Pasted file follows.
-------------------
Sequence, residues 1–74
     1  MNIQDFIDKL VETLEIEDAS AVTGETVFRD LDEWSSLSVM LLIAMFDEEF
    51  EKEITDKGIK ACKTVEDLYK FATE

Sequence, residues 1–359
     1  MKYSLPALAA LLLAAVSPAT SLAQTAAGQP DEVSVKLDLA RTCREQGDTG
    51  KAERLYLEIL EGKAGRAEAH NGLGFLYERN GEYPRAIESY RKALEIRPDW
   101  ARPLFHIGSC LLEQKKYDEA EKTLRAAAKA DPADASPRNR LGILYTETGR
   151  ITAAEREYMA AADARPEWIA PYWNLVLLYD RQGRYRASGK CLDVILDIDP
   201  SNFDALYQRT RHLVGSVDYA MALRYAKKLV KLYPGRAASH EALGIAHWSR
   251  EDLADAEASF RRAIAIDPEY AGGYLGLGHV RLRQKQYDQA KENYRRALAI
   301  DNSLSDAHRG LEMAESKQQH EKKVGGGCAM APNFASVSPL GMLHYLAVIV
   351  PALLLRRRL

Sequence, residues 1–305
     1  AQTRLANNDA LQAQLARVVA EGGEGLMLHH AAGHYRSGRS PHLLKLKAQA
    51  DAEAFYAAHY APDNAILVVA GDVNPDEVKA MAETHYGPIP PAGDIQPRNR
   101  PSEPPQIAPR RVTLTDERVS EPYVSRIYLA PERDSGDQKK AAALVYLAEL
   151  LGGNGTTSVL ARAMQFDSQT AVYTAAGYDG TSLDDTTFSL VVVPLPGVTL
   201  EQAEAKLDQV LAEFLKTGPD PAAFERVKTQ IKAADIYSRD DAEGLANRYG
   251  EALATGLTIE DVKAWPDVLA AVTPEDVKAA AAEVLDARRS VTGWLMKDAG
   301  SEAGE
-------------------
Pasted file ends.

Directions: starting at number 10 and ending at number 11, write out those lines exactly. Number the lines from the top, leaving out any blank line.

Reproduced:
   251  EDLADAEASF RRAIAIDPEY AGGYLGLGHV RLRQKQYDQA KENYRRALAI
   301  DNSLSDAHRG LEMAESKQQH EKKVGGGCAM APNFASVSPL GMLHYLAVIV